Prolific Chicago artist Ben Bey passed in New York City on February 5 at the age of 81. Bey began painting in the 1960s and made his mark as a thriving artist and activist in both Chicago and New York City. Every summer, in the 1970s, he seized the opportunity to show and sell his work at art fairs and galleries in Chicago, and in the mid 1970s, in New York. In 1984, he continued his passion for creating art in New York City. Bey’s creations can be seen throughout the world, in movies, museums, businesses, and in many homes on Chicago’s South Side. Most recently, from September 13 through December 30, 2018, one of his paintings, “Struggle Black/White” was featured at the University of Chicago Smart Museum’s exhibition, “The Time is Now! Art Worlds of Chicago’s South Side, 1960–1980.”
Ben (Benny) Lovett-Bey was born in the Old Town area of the near North Side of Chicago on February 19, 1938. His grandfather, Solomon Lovett, was a founding member of the Moorish Science Temple, and Bey was part of that community as a young boy. The second child and only boy of his maternal family, Bey learned at an early age that he was going to have to work hard and “hustle” to make money. He learned to paint in his twenties and found that he could make a living doing it. He was a natural. While he was perfecting his artistic talents, he worked as a chauffeur for Ray Kroc, founder of the McDonalds Corporation. W. Clement Stone, a promoter of the Positive Mental Attitude philosophy and founder of Combined Insurance Company, now AON, became Ben’s mentor and benefactor. While living in Chicago, Bey worked with Operation PUSH with Jesse Jackson and his wife Jackie.
He was also a member of The Association for the Study of Afro-American Life and History, the Black Arts Movement, and other civic groups. He served as the Director of Art Research Department at the YMCA of Metropolitan Chicago and was Service Representative at Goodwill Industries of Chicago and Cook County. His savvy entrepreneurial spirit and charismatic charm earned him friendships and collaborations with a number of Black Chicago activist artists, such as visual artist Lorenzo Pace and visual artist, writer and poet, Margaret Burroughs, who founded South Side Community Art Center, and along with her husband Charles, Chicago’s DuSable Museum of African American History.
In the 1970s, Bey and his artwork were featured in magazines, newspapers, and television programs, promoting the use of arts education to ease ex-convicts’ re-entry into society. Through his organization, “Looking Toward Freedom,” Bey trained numerous artists and many prisoners and ex-convicts to paint and to use their art to support themselves through organizations such as the Safer Foundation. A very charismatic Bey met many of his customers during appearances at local art festivals, where he painted and sold his colorful oil and acrylic paintings and silkscreen prints of his soulful pen and ink illustrations.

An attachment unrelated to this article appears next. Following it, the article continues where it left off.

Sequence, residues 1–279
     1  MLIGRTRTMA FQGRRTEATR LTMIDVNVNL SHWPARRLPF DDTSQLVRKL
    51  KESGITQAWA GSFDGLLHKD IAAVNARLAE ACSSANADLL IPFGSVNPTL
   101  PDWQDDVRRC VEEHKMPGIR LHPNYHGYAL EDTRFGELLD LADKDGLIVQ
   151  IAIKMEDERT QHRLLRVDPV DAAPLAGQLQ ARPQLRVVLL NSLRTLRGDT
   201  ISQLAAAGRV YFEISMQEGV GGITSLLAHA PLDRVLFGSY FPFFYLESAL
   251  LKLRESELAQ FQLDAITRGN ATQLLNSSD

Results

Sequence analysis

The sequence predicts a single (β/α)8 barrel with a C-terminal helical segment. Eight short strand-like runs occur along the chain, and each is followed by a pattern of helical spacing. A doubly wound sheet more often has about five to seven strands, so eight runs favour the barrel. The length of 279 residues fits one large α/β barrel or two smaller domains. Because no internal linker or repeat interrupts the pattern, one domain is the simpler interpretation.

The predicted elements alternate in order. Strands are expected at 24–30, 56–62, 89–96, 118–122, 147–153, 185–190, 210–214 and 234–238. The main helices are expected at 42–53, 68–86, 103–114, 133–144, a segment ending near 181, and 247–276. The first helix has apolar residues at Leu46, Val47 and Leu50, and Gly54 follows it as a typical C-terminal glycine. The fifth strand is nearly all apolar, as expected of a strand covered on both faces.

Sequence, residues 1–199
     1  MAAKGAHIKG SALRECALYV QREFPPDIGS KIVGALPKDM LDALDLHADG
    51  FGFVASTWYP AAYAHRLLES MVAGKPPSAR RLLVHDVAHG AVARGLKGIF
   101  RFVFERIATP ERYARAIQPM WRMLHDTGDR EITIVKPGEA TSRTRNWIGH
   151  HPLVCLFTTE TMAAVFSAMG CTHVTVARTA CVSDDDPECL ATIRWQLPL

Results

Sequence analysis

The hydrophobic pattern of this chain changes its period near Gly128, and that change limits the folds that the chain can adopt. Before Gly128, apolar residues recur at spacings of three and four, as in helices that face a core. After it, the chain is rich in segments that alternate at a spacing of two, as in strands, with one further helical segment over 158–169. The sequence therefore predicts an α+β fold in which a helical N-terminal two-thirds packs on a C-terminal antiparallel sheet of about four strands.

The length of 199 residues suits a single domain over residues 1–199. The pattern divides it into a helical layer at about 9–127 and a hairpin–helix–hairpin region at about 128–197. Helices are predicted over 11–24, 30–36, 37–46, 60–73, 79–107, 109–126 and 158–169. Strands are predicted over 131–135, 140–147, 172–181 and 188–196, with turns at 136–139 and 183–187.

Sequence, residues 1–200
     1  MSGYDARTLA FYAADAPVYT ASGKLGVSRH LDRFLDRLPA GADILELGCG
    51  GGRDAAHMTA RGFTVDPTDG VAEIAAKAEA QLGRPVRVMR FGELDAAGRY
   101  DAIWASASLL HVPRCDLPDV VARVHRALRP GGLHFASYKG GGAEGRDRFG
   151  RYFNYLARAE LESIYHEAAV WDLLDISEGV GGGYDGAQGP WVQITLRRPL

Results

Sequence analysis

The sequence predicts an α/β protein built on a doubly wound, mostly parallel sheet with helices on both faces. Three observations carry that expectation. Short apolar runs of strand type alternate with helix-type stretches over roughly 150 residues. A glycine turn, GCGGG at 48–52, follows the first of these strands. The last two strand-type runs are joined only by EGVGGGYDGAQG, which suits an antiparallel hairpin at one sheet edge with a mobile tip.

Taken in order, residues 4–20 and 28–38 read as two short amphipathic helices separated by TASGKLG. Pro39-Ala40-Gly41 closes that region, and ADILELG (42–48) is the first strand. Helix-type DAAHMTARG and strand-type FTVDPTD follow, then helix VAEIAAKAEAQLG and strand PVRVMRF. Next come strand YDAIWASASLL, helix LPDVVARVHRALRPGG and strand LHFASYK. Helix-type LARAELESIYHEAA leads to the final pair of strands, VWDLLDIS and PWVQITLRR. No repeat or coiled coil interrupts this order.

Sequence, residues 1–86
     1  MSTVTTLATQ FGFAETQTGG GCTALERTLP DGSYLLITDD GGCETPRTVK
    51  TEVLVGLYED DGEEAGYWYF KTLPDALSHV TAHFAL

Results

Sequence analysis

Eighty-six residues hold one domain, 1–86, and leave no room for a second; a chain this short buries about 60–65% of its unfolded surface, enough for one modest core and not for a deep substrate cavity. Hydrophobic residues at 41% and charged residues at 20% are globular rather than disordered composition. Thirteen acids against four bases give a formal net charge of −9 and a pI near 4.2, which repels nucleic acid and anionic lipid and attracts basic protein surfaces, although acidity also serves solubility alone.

During one of his interviews, Bey was quoted as saying, “Perhaps my environment affected my youth. But, for every situation that pushes you down, there’s a whole, wide range of situations that will pick you up. Sure, I had to learn the hard way, but I learned.”
Because Bey experienced struggles as a youth, he felt that he owed something to the Black community. He therefore began what he termed, “The Ben Bey Experience,” which focused on positive images via art. Through this project, he promoted positive images of Blacks on note cards and fine arts posters. The posters were often of little Black children, including his daughter, with encouraging phrases.
After moving to Harlem in New York permanently in the mid-1980s, he continued as a painter and began designing and selling custom hats and bags. He expanded his business over the years and became a successful collectibles dealer.
Bey was an avid newspaper reader, a deep thinker and profoundly articulate. He enjoyed a life of discovery and welcomed what life had to offer him. He would often say, “one man’s trash is another man’s treasure.” As a result of his deep belief in that sentiment, his many pursuits included collectible photographs and antiques. Due to his creativity, Bey was always exploring and always reinventing himself. He was never afraid of experimenting and leaving his comfort zone. Through his works and his deeds, he has been an inspiration to all who have met him.
Bey is survived by his wife Grace Bell; his daughter Tiana Bey; his three sisters; and four generations of nieces and nephews, cousins.
Funeral services were held in New York on Saturday, February 22, at 11:00 a.m., at Benta’s Funeral Home, 630 St. Nicholas Ave., New York, NY.
A memorial will take place in Chicago on Saturday, March 14, at Art in Motion School of Chicago, 7415 S. East End Ave., Chicago at 11:00 a.m.
The family is asking that any Chicago attendees who own an original Ben Bey painting and are interested in participating in the memorial event on Saturday, March 14, contact Victoria Woods, [email protected] or 312-547-0429. In lieu of flowers, the family requests that donations be made to Art in Motion School of Chicago, 7415 S. East End Ave., Chicago, IL 60649.